What happens if you don’t activate a credit card? | finder.com

What happens if you don’t activate a credit card?

Your card might not be active, but your account is likely open.

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If you have a change of heart about a recent credit card application, you might consider simply not activating your credit card once it arrives in the mail. Though there’s a certain level of safety in not activating the card, that doesn’t mean you won’t have a credit card account, which can leave you vulnerable in certain circumstances.

What happens if you don’t activate a credit card?

If you don’t activate your credit card, you nor anyone else who possess the card can use that credit card to make purchases. However, a credit card is simply a way to access your credit account. In most cases, when you are approved for a credit card, your credit account is opened well before you receive your credit card – usually at the time of approval.

This means that your account remains open, even if you don’t activate your credit card, until you decide to close it.

Inactivate cards and security.

Choosing to not activate your credit card and ignoring the account you’ve opened may compromise your credit security.
That’s because it’s possible to access a card without physically touching it. Just think about how many issuers let you access your account and use your credit the moment you’re approved. New digital payment methods mean you could continue to access your credit account without touching your physical card. The Apple Card is a great recent example.

Will not activating my credit card hurt my credit score?

Failing to activate your credit card won’t have any impact on your credit score directly. The hard pull your issuer performed on your credit history prior to approving your application is the main factor affecting your credit score, but you’ll receive that hard pull whether you choose to use the card or not.

How long do I have to activate my credit card?

Generally, the amount of time you have to activate a credit card depends on the issuer. What’s more, the definition of “activate” can also vary between issuers. Some issuers, such as American Express, will allow you to use your card without activation. Should you fail to “activate” within a certain period of time however, they will deactivate the card, leaving it useless.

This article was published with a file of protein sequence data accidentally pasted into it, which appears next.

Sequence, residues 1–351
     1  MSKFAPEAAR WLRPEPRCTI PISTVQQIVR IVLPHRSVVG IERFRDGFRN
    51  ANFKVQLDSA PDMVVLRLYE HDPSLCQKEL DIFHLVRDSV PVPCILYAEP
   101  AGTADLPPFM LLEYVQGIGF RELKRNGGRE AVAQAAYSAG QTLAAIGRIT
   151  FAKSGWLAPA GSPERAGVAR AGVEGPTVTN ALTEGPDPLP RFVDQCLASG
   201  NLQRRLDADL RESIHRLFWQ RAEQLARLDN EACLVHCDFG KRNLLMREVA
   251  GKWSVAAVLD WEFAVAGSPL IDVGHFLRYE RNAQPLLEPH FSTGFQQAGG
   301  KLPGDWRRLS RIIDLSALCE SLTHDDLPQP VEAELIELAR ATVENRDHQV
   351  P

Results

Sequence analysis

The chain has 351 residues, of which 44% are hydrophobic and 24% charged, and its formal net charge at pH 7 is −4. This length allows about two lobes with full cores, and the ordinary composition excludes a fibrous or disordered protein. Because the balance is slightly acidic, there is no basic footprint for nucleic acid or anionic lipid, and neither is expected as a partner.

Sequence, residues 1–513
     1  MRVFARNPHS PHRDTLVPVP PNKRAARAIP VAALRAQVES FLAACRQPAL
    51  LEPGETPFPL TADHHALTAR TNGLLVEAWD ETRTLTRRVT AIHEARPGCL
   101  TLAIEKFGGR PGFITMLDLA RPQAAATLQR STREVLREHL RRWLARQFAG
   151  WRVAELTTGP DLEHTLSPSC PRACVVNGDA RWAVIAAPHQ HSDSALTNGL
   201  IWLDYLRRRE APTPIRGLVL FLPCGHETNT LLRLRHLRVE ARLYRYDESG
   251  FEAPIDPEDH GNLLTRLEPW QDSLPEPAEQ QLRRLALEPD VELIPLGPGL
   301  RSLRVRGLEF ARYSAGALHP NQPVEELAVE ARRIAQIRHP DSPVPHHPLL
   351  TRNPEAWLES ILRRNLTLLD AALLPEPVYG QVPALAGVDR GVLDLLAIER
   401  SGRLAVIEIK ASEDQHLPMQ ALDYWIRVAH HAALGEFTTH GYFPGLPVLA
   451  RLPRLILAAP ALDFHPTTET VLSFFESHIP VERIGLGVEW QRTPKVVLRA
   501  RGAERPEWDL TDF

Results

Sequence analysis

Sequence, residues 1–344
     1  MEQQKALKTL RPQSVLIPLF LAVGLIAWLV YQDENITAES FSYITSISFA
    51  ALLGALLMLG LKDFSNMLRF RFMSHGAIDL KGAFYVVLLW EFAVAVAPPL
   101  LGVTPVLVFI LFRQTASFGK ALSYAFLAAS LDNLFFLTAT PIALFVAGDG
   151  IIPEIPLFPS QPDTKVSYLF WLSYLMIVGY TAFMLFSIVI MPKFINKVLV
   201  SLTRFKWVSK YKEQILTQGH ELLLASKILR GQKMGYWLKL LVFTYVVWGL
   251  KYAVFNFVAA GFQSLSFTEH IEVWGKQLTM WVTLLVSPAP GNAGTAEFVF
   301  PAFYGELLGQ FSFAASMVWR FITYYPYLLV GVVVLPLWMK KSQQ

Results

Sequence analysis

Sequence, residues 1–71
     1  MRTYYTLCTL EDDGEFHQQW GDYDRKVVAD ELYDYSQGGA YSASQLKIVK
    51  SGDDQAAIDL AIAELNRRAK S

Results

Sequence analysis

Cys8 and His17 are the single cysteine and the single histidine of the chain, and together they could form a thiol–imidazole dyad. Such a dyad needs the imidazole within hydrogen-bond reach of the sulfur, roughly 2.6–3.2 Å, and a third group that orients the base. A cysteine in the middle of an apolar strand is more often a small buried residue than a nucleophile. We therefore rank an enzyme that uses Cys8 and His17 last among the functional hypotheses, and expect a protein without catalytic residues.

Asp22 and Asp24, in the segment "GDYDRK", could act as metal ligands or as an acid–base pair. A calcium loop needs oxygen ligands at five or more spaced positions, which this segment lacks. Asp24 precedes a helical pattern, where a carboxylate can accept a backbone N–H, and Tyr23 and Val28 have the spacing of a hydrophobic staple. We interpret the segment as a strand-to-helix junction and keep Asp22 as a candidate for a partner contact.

Other credit cards, such as those issued by Discover and TD Bank, have no time limit on activation, though they can’t be used beforehand.

Should I cancel my credit card instead?

Unfortunately, you can’t cancel your credit card application and canceling your credit card account won’t erase the hard credit pull performed on your account. But you can close your account without incurring further credit score hits without any problem.

One perk of keeping the account open however is the increased credit limit it offers. Even if you never use the account, its very presence can help improve your credit utilization and increase your average account age, giving your credit score a boost.

Compare credit cards

If you’ve decided the card you’ve applied for isn’t for you, compare other credit cards that might offer the rates and perks that better suit your needs. Just remember not to apply too soon if you want to avoid dinging your credit score too quickly.

Name Product Filter values Rewards Purchase APR Annual fee
7x points on Hilton Honors purchases, 5x at US restaurants, US supermarkets and US gas stations, 3x on all other purchases
17.74% to 26.74% variable
Earn 75,000 Hilton Honors Bonus Points after you spend $1,000 in purchases on the card within your first 3 months of card membership. Rates & fees
0% intro for the first 18 months (then 12.99% to 20.99% variable)
An 18 months 0% intro APR period on both purchases and balance transfers, plus zero foreign transaction fees, makes this is a strong well-rounded card. See Rates and Fees
1.5% cash back on all purchases
0% intro for the first 15 months (then 16.24%, 22.24% or 26.24% variable)
Earn unlimited 1.5% cash back on every purchase, every day.
6% on select US streaming services, 3% on transit and US gas stations, 6% at US supermarkets on up to $6,000 annually, then 1% after that and on all other purchases
0% intro for the first 12 months (then 14.99% to 25.99% variable)
Earn $250 bonus cash back after you spend $1,000 on purchases in the first 3 months. Rates & fees
1.5% cash back after earning 3% on all purchases in your first year up to $20,000
0% intro for the first 15 months (then 16.99% to 25.74% variable)
Earn 3% cash back on all purchases in your first year up to $20,000 spent, then earn 1.5% cash back after that.

Compare up to 4 providers

Bottom line

There’s nothing wrong with not activating a credit card once you’ve received it. Just remember that not activating a card doesn’t mean your credit account doesn’t exist, or that, in some cases, your credit card can’t be used — which can cause some security concerns.

If you choose not to activate your card because it wasn’t a good fit for you, compare other credit cards to find one that better suits your financial needs.

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